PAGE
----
During December 1912 in Staunton, many children anxiously waited for Christmas and many adults anxiously prepared for the visit of President-elect Woodrow Wilson to begin on December 27. The occasion for Wilson’s visit was to celebrate his 56th birthday on December 28th at the place of his birth in the Presbyterian Manse on Coalter Street.
On Election Day, Tuesday, November 5, 1912, Rockingham County cast 3,195 votes for president of which fifty-five percent went to Wilson. On November 18th the local newspaper reported that plans were well underway for a “mammoth celebration” for Woodrow Wilson in Staunton on December 28th. The visit was planned to be a sentimental and non-political journey. Speculation centered on whether Wilson would come to the Valley by way of Harpers Ferry or Washington. 
Just before the expected visit, newspapers reported that the President-elect had a cold; this caused anxiety among the local planners. Mrs. Wilson told the press that this “exaggeration of his indisposition” annoyed Wilson. Nonetheless, many knew Wilson for being a bit of a hypochondriac.
The President-elect reached Staunton at 7:10 pm via the C&O Railway. Some forty newspapers and news gathering associations arrived in Staunton to cover the Wilson celebration, including the Rockingham Daily Record, other Virginia newspapers, many New York newspapers, and members of the Associated Press. The event organizers provided the reporters with communications equipment, work rooms, a continuous luncheon buffet, and a smoking room.
From the train station Wilson and his wife went to the First Presbyterian Manse, the place of his birth and where he spent his nights on this visit. Along his parade route Wilson saw many public buildings in Staunton decorated with bunting, hundreds of electric lights shining, and a huge ornamental arch and columns had been erected on the route.
A Staunton newspaper interviewed the sixty-eight year old “Uncle Frank” Ware, a former slave who had been a companion to the young “Tommy” Wilson fifty-six years ago. (Wilson’s full name was Thomas Woodrow Wilson.) At the meeting between the two in 1912, “the Governor”  greeted his former nurse: “Hello, Frank, I’m so glad to see you….” “My, my, Marster Tommy is this really you?” was the old slave’s response.” (This conversation sounds a bit fabricated because Wilson only lived in Staunton for the first year of his life!) Ware also gave an account of the time he took the future president for a wheelbarrow ride to meet his mother and he upset the barrow causing “Tommy a bloody nose.”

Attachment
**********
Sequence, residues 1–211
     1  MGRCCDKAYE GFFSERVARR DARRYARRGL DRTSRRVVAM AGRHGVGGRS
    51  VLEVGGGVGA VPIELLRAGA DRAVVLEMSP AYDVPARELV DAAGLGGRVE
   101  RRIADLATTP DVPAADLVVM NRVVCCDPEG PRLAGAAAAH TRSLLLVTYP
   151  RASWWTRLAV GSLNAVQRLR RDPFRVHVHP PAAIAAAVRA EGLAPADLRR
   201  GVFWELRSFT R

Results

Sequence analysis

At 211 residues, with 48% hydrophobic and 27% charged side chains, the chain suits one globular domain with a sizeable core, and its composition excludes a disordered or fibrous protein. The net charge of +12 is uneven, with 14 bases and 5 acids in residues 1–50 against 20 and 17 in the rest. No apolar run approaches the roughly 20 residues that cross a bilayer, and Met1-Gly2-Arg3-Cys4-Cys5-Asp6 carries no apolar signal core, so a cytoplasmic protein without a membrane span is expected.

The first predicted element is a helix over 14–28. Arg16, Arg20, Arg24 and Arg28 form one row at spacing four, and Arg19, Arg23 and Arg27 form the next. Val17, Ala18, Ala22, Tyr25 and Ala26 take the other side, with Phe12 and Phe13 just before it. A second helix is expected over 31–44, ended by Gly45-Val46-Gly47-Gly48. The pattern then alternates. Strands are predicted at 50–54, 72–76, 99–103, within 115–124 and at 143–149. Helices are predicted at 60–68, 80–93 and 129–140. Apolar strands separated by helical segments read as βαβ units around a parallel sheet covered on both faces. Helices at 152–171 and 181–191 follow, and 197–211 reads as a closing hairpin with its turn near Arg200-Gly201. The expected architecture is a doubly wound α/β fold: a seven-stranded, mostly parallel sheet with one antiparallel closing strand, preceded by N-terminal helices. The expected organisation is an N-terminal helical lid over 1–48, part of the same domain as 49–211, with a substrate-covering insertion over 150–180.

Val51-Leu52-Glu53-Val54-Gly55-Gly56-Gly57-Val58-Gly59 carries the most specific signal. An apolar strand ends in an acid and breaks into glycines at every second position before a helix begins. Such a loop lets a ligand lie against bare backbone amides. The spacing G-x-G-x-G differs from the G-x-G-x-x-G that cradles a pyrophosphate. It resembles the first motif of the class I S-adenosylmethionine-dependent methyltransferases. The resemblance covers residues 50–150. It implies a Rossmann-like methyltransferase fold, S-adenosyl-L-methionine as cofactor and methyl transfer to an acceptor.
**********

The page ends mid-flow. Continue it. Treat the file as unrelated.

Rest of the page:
The day long celebration on December 28 began at 8 am – the appointed time for Wilson to wake and to ready for a ten o’clock reception for city and visiting officials and newspaper men at the Manse. At noon Wilson and Governor Mann of Virginia reviewed the military and civic parade. After the parade, the President-elect gave an address in front of the Mary Baldwin Seminary followed by a public reception. In his speech, Wilson promised not to be a sectional president, took note of fortune-making activities that in the past decades consisted of getting something for nothing, and objected to thinking that led to unquestioning views on isolation and monopoly. Mrs. Wilson was honored at an afternoon reception by the Daughters of the American Revolution and the Daughters of the Confederacy. 
With a delicious sounding menu, the day-long celebration concluded at the Staunton Military Academy with a banquet attended by about 350 people. Entrees were Terrapin a la Baltimore and Saddle of Southdown Mutton Soubise with Aspic of foie gras Strasbourgeoise and Chiffonade Salad along with other delicacies. The President-elect’s remarks at the banquet took note, “without rancor,” of the failure of the Virginia delegation at the Baltimore Democratic Convention to support him for the presidency.
On Sunday, December 29th, the presidential party left on a special train for Princeton. A photograph of Wilson parading about town in an open horse-drawn carriage and a photograph of Wilson leaving for the station in an open automobile provided an interesting commentary on the time period. The estimate of the number of people that attended the events in Staunton that weekend was 20,000. The population of the city in 1910 was only 10,604. The honor of Wilson’s visit involved the larger population of the Valley.
In Harrisonburg the Rockingham Daily Record covered the preparations and the event provided “local sidelights on the big Wilson day.” The Daily News Band participated in the parade and received “a large share of applause.” However, not enough men from Woodrow Wilson Club of Harrisonburg showed up to march in the parade-- to the disappointment of the Club’s Marshall Lee D. Patterson. Former Senator George B. Keezell did meet with Wilson on Saturday and Irvine S. McNeill was a member of the welcoming committee. 
You can celebrate the centennial of this visit and Wilson’s 156th birthday at the Woodrow Wilson Presidential Library at an open house on December 28 from 11 am to 3 pm. Admission to the museum and a tour of the Manse will be free. There will be punch and cookies and a Wilson re-enacter, Judd Bankert will be on site.
HAPPY BIRTHDAY WOODROW
 Rockingham News Record. November 18, 1912.
 Ibid. December 27, 1912.
 The Manse was built in 1846 for John Fifer.
was Governor of New Jersey when he was elected President.
 Scrapbook Collection. Woodrow Wilson Presidential Library.
 Rockingham News Record. December 30, 1912.
 Ibid. Scrapbook Collection.
 The author thanks Peggy Dillard, Director and Archivist of the Woodrow Wilson Presidential Library for her time and making the
materials available for this article.
The illustrations for this article are from the Scrapbook Collection at